How it normally is done is that you need to add a leading 0 if the leading character is not a decimal digit. (No, D isn't going to implement that.)
 Just my thoughts, and if they turn out to be dumb ideas, I'm happy to drop

Even if I don't agree with them, your posts are well written, interesting, and welcome.
May 27 2004
prev sibling next sibling parent reply Stewart Gordon <smjg_1998 yahoo.com> writes:
Matthew wrote:

 depends whether unprefixed numbers still represent decimal, or are now errors.
 
 I would be in favour of the following valid forms
 
     0x90AB    -    hex
     0d7890    -    decimal
     0o6701    -    octal
     0b1010    -    binary
 
 _and_
 
     7890        -    decimal
 
 With 06701 for octal being invalid

Do you mean it would be an illegal token? This is indeed the only way we can sensibly change this. -- My e-mail is valid but not my primary mailbox, aside from its being the unfortunate victim of intensive mail-bombing at the moment. Please keep replies on the 'group where everyone may benefit.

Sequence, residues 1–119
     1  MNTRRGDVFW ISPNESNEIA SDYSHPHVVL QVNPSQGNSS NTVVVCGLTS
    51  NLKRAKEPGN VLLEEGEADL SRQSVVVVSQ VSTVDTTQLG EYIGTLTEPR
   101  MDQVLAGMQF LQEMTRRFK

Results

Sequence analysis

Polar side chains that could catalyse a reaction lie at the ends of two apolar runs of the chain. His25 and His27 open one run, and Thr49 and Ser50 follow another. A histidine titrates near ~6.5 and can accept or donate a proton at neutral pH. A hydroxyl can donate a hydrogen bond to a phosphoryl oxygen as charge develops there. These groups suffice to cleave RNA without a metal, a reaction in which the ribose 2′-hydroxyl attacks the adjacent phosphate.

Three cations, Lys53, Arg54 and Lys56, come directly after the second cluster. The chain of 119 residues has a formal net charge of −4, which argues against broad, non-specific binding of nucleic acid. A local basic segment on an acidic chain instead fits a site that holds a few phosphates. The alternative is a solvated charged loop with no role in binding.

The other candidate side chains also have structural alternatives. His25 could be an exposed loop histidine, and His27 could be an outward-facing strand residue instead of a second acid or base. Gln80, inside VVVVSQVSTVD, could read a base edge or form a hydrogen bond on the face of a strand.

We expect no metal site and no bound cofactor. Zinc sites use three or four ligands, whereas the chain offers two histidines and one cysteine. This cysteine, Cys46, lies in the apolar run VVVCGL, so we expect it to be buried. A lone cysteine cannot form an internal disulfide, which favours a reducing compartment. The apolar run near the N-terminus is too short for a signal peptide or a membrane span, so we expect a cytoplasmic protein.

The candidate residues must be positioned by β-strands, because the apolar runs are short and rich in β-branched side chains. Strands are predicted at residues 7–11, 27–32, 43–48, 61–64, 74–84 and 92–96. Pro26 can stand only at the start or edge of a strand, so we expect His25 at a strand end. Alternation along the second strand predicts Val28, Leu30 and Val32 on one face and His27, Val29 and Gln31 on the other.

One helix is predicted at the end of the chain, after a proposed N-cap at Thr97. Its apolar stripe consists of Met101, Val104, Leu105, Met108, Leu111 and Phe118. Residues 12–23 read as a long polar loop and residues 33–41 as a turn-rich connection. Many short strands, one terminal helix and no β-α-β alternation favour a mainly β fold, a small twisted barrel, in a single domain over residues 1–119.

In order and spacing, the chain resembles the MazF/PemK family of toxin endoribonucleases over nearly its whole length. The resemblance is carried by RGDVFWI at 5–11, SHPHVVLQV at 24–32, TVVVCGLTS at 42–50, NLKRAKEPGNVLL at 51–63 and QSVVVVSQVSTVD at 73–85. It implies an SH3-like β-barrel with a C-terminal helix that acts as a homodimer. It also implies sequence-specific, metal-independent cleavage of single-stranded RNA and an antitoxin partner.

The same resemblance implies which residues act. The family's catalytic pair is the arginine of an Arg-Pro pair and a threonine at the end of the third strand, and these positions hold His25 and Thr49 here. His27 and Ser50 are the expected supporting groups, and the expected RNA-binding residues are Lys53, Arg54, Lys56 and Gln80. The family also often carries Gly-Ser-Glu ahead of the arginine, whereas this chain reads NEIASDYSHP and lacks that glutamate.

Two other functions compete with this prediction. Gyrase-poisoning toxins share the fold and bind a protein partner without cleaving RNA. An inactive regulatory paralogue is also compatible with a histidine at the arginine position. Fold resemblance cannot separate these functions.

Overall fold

May 26 2004
parent reply "Matthew" <matthew.hat stlsoft.dot.org> writes:
"Stewart Gordon" <smjg_1998 yahoo.com> wrote in message
news:c91qid$1bdd$1 digitaldaemon.com...
 Matthew wrote:

 depends whether unprefixed numbers still represent decimal, or are now


 I would be in favour of the following valid forms

     0x90AB    -    hex
     0d7890    -    decimal
     0o6701    -    octal
     0b1010    -    binary

 _and_

     7890        -    decimal

 With 06701 for octal being invalid

Do you mean it would be an illegal token? This is indeed the only way we can sensibly change this.

Any literal integral beginning with 0 would be invalid (not illegal, since it's not against the law <g>), yes.
May 26 2004
parent reply Kevin Bealer <Kevin_member pathlink.com> writes:
In article <c925jv$1qs6$2 digitaldaemon.com>, Matthew says...
"Stewart Gordon" <smjg_1998 yahoo.com> wrote in message
news:c91qid$1bdd$1 digitaldaemon.com...